“We believe storytelling is an important part of who we are. LAIKA embraces our great privilege to tell stories by creating films that bring people together, kindle imaginations and inspire people to dream”
– Travis Knight, President & CEO of LAIKA
Portland has a long, relatively unheard history of stop-motion animation. As early as 1925, Portland local newsreel maker Lew Cook made a 35mm nitrate film titled The Little Baker which featured a clay puppet. In 1975, Will Vinton and Bob Gardiner were presented with an Oscar for their animated short, Closed Mondays. Vinton went on to found Will Vinton Studios which produced several iconic television commercials including the California Raisins. Launched in 2005, LAIKA quickly defined their unique position in American Cinema with their first film, Coraline (2009). LAIKA’s attentiveness to storytelling, scrutiny to detail, and passion for the human fascination with the illusion of movement has led to 3 more award-winning feature films. Now at the Portland Art Museum, you can observe their creative process through behind-the-scenes photography, video clips, and physical artwork from their films.
It’s been a sort of tradition for 100seven to visit each new exhibit at the Portland Art Museum. As brand storytellers, we absolutely understand the impact that minor details have to support a larger purpose, but the amount of detail that LAIKA puts into every aspect of their films took us by surprise. As you first enter the exhibit you’re immediately drawn toward a vast wall of faces. Hundreds of faces. And as you walk along the wall, each face slowly changes and shifts, revealing the range of emotions and facial expressions that LAIKA expresses in their storytelling. Despite its size, this wall only represents a small fraction of the thousands of faces produced for the hundreds of puppets used in LAIKA’s films.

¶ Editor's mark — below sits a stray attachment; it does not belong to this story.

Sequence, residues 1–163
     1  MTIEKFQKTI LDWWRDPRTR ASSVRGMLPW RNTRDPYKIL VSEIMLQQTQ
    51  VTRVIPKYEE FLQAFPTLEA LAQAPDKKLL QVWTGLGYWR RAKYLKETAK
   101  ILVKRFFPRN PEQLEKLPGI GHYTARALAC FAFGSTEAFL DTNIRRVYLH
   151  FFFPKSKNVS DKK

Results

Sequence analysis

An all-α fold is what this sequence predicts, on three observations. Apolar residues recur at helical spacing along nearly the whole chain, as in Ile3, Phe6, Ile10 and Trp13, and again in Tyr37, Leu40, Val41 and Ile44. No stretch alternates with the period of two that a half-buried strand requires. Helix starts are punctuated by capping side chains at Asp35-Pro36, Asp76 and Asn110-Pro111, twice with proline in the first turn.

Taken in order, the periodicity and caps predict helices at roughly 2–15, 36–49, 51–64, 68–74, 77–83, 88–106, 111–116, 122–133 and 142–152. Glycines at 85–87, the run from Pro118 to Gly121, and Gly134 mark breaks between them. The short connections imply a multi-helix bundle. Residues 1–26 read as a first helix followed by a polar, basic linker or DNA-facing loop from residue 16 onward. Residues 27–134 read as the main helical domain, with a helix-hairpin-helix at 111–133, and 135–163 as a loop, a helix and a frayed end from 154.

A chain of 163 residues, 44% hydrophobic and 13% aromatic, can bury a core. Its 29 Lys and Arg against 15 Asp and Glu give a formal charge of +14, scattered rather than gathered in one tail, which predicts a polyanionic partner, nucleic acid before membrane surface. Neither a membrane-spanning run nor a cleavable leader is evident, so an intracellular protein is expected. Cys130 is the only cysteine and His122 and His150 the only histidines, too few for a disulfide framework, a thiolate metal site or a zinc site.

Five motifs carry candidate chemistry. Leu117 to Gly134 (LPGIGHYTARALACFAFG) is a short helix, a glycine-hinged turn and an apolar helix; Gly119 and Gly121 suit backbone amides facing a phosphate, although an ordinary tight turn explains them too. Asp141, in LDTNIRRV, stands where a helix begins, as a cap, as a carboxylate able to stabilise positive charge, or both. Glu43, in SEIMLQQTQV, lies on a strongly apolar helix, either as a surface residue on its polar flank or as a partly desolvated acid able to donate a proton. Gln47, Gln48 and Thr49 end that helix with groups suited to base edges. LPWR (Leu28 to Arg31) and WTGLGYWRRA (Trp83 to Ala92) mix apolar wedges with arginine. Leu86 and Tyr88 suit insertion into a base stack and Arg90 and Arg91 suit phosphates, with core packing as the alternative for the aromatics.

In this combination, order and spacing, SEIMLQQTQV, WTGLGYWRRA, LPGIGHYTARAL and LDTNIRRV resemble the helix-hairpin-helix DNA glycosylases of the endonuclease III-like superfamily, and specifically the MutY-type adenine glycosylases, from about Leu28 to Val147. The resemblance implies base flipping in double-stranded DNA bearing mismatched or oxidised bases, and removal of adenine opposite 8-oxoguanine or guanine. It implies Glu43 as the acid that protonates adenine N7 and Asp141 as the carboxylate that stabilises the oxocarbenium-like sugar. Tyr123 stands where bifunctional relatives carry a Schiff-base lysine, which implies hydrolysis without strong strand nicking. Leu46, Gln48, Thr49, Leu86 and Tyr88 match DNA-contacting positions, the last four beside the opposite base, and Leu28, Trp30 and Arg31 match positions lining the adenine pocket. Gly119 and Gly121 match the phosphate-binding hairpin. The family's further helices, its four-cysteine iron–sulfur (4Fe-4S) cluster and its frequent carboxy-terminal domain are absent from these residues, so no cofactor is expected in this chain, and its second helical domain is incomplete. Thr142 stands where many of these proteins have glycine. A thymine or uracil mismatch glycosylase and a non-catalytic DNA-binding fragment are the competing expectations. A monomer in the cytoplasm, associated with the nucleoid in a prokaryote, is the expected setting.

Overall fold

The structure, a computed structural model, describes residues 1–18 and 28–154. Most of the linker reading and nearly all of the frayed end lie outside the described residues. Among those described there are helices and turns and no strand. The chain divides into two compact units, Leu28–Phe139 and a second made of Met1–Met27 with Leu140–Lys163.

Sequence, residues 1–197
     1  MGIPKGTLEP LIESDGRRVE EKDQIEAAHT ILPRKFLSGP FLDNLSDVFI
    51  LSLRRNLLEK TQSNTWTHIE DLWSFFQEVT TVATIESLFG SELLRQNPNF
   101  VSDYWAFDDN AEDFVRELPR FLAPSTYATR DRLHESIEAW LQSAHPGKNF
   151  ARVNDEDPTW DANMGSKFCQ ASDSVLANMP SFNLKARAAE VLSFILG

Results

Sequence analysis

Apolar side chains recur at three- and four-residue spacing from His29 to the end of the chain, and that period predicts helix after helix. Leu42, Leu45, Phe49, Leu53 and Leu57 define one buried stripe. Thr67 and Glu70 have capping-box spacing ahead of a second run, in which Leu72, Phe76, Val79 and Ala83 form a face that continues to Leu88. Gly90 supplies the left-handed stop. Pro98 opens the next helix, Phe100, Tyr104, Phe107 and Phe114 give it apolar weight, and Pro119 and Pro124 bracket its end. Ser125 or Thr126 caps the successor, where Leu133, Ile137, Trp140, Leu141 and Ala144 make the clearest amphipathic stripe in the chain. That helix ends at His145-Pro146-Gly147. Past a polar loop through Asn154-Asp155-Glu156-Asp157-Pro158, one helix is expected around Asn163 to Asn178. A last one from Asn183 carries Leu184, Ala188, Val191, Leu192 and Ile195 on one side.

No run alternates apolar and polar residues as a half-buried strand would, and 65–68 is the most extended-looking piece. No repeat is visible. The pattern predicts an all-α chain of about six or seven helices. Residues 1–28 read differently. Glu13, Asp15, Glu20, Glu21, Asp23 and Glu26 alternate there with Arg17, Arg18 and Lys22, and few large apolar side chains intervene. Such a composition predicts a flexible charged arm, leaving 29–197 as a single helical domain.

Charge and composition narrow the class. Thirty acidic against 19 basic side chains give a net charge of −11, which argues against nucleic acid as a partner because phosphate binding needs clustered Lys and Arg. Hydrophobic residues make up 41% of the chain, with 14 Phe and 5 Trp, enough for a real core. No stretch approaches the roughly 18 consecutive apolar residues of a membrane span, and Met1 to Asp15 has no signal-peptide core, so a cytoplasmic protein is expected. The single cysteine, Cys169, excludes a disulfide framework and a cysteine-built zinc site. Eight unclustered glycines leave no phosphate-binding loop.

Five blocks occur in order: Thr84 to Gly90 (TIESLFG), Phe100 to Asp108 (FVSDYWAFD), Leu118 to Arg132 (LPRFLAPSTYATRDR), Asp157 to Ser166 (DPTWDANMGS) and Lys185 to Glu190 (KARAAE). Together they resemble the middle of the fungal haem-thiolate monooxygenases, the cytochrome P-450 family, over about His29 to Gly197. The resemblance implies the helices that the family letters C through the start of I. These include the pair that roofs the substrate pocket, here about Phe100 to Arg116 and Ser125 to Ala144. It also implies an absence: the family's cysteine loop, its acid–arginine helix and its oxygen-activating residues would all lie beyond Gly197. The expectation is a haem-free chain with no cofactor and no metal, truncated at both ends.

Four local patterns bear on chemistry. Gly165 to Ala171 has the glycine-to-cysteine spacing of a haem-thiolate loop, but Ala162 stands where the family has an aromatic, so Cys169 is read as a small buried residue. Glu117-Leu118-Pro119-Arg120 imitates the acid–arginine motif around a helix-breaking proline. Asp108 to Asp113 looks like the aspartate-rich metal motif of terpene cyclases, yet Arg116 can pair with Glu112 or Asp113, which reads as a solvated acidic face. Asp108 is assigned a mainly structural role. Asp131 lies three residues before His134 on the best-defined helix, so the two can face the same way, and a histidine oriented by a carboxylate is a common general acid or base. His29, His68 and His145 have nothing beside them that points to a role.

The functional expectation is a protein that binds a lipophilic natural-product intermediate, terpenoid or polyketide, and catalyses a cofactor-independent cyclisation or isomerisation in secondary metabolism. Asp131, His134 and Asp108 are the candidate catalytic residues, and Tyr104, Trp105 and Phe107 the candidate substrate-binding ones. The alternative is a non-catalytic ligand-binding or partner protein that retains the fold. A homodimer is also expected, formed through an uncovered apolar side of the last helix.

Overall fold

LAIKA reminds us that in animation, one doesn’t choose a location but rather one creates a location. Everything you see in a LAIKA film is either handmade or has its roots in handmade reference. As you experience the rest of the exhibit, you explore the visual beauty of their production design, sets, costume design, props, puppets, and the overall mise en scène that LAIKA is recognized for. Not only will you see the massive garden set from their first film, Coraline, but you’ll see sets from ParaNorman (2012), props used in The Boxtrolls (2014), and the immaculate costume design from Kubo and the Two Strings (2016).
“LAIKA at its core is an artistic endeavor that embraces the past and infuses it with a 21st-century vision. LAIKA’s aesthetic vocabulary continues to be shaped by the people and uniqueness of this special state.” – Brian Ferriso, Director Portland Art Museum
It’s truly a wonder to get a close look at the visionary artistry and technology used by LAIKA. Animating Life: The Art, Science, and Wonder of LAIKA is being exhibited at the Portland Art Museum through May 20, 2018. Witnessing the work of a local, groundbreaking, globally renowned animation studio that reflects Portland’s ‘maker’ spirit, is something to take pride in.